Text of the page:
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Sociopath vs Autism: Understanding and Respecting the Differences

What is sociopathy, does it relate to high functioning autism and can these conditions overlap, co-occur, or are professionals misdiagnosing autistic individuals as sociopaths, to their detriment? This was an interesting article to take on due to the controversy surrounding these diagnoses.

Sociopath vs Autism: Understanding and Respecting the Differences

At first, when you start a research project based on sociopathy, or correctly termed as an antisocial personality disorder, you find opinion-based articles that make you wonder if most individuals understand the true nature and representation of the symptoms within an individual diagnosed with an antisocial personality disorder, such as psychopathy or sociopathy. 

So, let’s discuss the idea of “sociopath vs autism”. In my own experience working with individuals diagnosed with autism and others with antisocial personality disorder (ASPD), it is evident that certain traits overlap. One such trait that is often the precursor for an opinion that some autistic persons are sociopaths is an “apparent” lack of empathy. I want to ensure that the message is not misconstrued here as there is a clear difference between an apparent lack of empathy and an actual lack of empathy. 

Individuals diagnosed with autism spectrum disorder (ASD) or related conditions at times might display signs that they lack empathy. This might look like a teen deliberately breaking a glass for what seems like negative attention. Or perhaps your child waits until guests arrive until he rehearses swearwords and will laugh at you when they are being scolded? It might feel that, the more you become angry, the more apathy is displayed by your child. Perhaps you have a young adult who is still living at home and shows no motivation to follow the house rules or look for a way to become an independent adult. They might even explicitly state to you that they have no empathy for others. 

Although the above might seem that your child is engaging in sociopathic behaviors or has an antisocial personality, what might not be as evident is the actual anxiety these individuals face daily which leads to these behaviors. Thus, the individuals that display an apparent lack of empathy most likely are displacing their lack of successful coping skills with challenging behaviors. This is different from that of sociopathy or sociopathic behaviors.

What is sociopathy then?

Sociopathy and psychopathy are often incorrectly used interchangeably in the media. Both these terms are part of the umbrella diagnosis of antisocial personality disorder (ASPD). Psychopaths and sociopaths have very similar traits, such as breaking laws, acting in ways that go against social norms, and feeling little to no guilt or empathy. This condition is only diagnosed at the age of 18 years. Children who are diagnosed with a conduct disorder, such as oppositional defiant disorder (ODD) could develop longer-lasting maladaptive antisocial behaviors that could qualify them for a diagnosis of ASPD. The overlapping characteristics of children diagnosed with ODD and ASD will be discussed later in this article.  

There are some key traits that persons diagnosed with ASPD display, such as a lack of anxiety in stressful situations, no remorse when they were caught and questioned if they broke the law, hurt someone, or something, and a sense of entitlement throughout. The list of negative traits continues and is added to continuously, not only in the diagnostic manuals but also throughout media and via experiences of people in relationships with or as parents of individuals diagnosed with psychopathic and sociopathic traits.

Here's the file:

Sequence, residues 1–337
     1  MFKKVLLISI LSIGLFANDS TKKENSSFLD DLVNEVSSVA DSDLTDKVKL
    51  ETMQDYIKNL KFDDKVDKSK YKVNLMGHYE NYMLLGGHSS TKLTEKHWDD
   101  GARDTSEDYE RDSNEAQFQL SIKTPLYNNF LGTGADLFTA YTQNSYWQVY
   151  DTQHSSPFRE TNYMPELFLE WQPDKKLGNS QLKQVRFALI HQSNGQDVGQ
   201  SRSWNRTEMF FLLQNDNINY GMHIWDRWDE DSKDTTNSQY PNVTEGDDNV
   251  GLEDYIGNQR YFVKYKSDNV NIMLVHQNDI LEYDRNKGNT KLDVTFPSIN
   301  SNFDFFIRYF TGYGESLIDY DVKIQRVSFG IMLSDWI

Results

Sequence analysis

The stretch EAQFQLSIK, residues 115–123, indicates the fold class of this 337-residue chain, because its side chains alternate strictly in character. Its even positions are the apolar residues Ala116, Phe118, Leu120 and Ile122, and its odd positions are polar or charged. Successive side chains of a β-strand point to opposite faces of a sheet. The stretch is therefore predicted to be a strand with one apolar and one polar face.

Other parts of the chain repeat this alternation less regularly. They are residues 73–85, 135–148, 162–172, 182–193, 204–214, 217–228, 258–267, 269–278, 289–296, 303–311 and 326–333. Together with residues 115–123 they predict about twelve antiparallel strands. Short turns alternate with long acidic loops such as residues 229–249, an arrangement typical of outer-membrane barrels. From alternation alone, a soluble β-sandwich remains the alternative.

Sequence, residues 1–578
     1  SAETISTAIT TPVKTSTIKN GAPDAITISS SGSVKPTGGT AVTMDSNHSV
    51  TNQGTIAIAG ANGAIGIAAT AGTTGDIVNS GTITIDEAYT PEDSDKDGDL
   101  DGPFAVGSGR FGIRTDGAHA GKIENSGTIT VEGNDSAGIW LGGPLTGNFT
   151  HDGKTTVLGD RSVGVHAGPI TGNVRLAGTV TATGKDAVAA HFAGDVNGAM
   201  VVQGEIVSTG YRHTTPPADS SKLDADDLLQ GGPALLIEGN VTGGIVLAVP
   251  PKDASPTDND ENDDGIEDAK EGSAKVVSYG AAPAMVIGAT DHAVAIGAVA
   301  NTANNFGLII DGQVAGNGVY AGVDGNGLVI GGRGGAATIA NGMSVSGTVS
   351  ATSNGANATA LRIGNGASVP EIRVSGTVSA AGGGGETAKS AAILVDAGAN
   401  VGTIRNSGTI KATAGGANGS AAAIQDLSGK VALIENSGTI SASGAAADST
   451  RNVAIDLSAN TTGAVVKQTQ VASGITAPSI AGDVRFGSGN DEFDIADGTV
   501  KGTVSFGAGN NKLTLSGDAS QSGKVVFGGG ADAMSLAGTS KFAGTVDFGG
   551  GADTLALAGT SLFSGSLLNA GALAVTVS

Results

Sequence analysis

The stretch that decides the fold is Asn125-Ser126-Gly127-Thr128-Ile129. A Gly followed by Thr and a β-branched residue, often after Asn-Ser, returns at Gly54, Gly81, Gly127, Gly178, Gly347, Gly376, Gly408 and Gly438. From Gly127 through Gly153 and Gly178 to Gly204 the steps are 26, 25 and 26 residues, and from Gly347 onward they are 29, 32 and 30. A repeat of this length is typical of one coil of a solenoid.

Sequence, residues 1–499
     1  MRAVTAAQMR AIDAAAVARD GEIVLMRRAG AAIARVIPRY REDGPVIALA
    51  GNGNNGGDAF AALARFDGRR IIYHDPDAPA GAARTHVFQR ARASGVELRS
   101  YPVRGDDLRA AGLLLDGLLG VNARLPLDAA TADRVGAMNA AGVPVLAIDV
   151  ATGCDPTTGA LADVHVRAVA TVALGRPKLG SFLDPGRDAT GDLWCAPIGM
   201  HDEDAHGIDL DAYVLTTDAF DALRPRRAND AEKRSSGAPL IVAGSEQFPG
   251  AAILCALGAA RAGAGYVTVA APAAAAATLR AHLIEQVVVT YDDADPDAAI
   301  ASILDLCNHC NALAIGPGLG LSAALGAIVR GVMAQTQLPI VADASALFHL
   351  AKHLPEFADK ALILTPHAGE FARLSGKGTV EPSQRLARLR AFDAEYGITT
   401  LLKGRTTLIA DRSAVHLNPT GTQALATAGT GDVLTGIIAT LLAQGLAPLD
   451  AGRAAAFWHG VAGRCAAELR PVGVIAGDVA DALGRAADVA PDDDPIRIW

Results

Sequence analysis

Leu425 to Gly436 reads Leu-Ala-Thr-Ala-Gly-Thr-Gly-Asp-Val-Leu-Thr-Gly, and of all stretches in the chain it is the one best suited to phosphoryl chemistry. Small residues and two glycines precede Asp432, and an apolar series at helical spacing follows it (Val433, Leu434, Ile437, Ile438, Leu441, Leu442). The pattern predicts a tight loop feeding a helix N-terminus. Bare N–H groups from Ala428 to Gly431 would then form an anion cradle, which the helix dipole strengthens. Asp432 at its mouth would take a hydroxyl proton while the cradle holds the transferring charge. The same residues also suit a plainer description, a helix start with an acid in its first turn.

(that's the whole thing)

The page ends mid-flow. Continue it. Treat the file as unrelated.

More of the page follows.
The obvious question then is why are people not diagnosed earlier or easier and provided support to potentially reverse these traits? That might be a double-edged sword as the first answer is there is a whole different and pleasant and exciting side to sociopaths or psychopaths. The second part of the question is that even if individuals are diagnosed, they usually don’t see the need for therapy or have the motivation to change. 

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When you think of a “typical psychopath”, your mind probably starts scanning through some horrific Netflix series you have watched or famous serial killers. Seeing that roughly only 1-3% of the population is diagnosed with psychopathy or sociopathy, you might be surprised to know that many are undiagnosed and highly successful. They can be exceptionally charming and are usually extremely intelligent, witty, and engaging. These individuals can come across as caring, when they have the need, or even be the hero on a white horse to various charities.

The shrewdness of their acts, for their personal gain, is often overlooked by the naive and/or grateful recipient. The true nature of the psychopath or sociopath will only reveal itself when their wishes are not granted or their agenda is not met. The obstacles will be dealt with in a harsh, cold-hearted manner, quickly and effectively. 

Before I add too much to the negative media portrayal, it is important to note that there is a key difference between psychopaths and sociopaths. Psychopaths are born psychopaths. Some research found these traits to be genetic and psychopathy and/or psychopathic traits can be traced back to other family members, especially the fathers. Sociopaths on the other hand are made. They have a history of trauma or child abuse and often a family history of this abuse dating back to previous generations. Another important note to make is that any person, no matter what they are diagnosed with, can make progress, gain insights and learn more successful coping skills. The key factor is to seek support and this is often not evident from a person diagnosed with an antisocial personality disorder.